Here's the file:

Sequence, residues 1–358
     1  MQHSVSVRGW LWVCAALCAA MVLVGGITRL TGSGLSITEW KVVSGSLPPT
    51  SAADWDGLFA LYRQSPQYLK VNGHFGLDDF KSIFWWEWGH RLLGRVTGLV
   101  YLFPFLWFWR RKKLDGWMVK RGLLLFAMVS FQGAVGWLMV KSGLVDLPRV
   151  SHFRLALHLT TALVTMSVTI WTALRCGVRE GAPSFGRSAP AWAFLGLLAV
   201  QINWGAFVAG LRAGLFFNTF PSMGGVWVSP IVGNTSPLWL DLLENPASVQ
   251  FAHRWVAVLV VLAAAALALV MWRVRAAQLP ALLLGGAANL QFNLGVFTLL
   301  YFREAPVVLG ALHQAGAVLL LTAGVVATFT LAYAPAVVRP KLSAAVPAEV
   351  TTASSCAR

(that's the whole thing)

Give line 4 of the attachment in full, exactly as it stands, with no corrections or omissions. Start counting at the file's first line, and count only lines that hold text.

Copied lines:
   101  YLFPFLWFWR RKKLDGWMVK RGLLLFAMVS FQGAVGWLMV KSGLVDLPRV